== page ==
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Making decent time (about four hours after starting), we got all the wallpaper down. If you’ve ever removed wallpaper, you know what a messy job it is. It and its backer paper were everywhere! Check out these photos and you’ll see what I mean!
 

During this process, Katie asked me, “Why would anyone ever want to put wallpaper up, if this is the mess you get when you take it down?” Good question, Katie. This is one reason I have never been much of a fan of the stuff. Not to mention it can be equally tricky to get it on the walls in a good secure way that looks professional and finished when it’s complete. I told her that the beauty of a faux finish is if you get bored in a couple of years, just whip out your paintbrush and your faux look is gone in the flash of a brush!
 

Moving on…after sanding down the walls and wiping them off well to get all the residual wallpaper gunk off, we got a couple of walls painted and everything cleaned up and that, my friends, was the end of day one. It was a long day but very satisfying to know that all the old stuff was off and some of the new paint was on.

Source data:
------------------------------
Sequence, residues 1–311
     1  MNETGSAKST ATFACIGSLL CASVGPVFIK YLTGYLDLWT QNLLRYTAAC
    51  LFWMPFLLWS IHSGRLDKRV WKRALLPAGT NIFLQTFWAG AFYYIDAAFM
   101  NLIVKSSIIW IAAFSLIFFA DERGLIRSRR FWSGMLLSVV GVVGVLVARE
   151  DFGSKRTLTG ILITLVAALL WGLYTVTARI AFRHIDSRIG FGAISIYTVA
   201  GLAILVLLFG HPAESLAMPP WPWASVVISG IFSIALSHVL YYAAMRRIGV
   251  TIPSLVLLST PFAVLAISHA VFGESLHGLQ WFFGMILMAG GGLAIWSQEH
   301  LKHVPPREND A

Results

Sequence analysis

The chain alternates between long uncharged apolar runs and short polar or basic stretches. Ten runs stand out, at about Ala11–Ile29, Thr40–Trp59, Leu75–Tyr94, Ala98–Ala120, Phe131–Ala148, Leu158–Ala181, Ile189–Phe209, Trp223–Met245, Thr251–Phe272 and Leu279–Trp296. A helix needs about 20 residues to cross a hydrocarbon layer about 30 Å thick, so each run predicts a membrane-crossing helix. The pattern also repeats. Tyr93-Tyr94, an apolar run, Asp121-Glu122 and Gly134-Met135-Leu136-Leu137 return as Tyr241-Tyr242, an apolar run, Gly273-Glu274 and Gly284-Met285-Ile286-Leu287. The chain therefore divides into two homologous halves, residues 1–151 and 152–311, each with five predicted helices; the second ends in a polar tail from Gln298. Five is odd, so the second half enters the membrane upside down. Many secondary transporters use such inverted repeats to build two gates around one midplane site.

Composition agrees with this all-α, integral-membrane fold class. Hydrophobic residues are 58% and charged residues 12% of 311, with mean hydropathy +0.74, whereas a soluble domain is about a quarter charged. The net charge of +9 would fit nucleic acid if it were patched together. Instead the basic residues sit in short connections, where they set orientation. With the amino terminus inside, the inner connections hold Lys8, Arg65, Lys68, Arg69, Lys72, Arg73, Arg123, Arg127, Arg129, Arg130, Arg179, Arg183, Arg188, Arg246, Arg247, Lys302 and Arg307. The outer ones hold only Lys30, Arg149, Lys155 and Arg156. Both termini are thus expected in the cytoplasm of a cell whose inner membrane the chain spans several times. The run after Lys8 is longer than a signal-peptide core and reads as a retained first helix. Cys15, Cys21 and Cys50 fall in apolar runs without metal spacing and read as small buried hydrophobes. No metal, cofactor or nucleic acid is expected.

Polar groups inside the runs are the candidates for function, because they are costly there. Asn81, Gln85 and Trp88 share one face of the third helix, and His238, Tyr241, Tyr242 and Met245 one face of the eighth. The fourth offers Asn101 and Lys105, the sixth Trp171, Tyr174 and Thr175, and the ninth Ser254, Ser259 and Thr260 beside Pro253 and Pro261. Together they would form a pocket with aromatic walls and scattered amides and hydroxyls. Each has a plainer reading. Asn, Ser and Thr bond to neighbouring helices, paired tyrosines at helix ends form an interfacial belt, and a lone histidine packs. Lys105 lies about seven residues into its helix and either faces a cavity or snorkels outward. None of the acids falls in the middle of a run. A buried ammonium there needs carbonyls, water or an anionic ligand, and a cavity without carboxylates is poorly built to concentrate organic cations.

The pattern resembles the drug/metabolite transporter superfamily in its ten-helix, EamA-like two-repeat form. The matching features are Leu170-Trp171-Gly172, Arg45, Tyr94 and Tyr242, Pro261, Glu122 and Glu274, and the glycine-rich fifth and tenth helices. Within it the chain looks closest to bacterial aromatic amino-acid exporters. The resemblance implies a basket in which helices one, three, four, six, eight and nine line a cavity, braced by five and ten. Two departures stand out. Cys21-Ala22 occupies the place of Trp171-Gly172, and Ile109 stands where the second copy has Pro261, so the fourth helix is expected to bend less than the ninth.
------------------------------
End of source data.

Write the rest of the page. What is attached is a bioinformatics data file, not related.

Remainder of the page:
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On day two, we went in and finished the base coat on all the walls and were ready to give the faux finish a try. If you’ve ever done a faux finish, you know it’s all about layering and trying things, and when you land on the look you like, you repeat the process. What I hadn’t taken into account was how textured her walls were. Textured walls don’t work well for a linen-look faux finish. That’s okay though, we played around a bit with some different tools and all at once, there it was…the look she loved. We repeated the process on the accent wall and, as you can see from the pictures, the look was gorgeous! She and hubby love their new master bath, which now has a fresh and updated look.

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From Beast to Beauty!

Here was our process:

  1. Score old wallpaper to be removed. (You can’t score too much!)
     
    1. Spray liberally with wallpaper removal liquid. (This will take much repetition; make sure you leave it on the wallpaper and let it soak in before you begin trying to remove.)
       
  2. Using the scraper tool, scrape and pull off the old wallpaper.
     
  3. Wipe down walls to remove the remaining residue.
     
  4. Sand out any imperfections in the wall.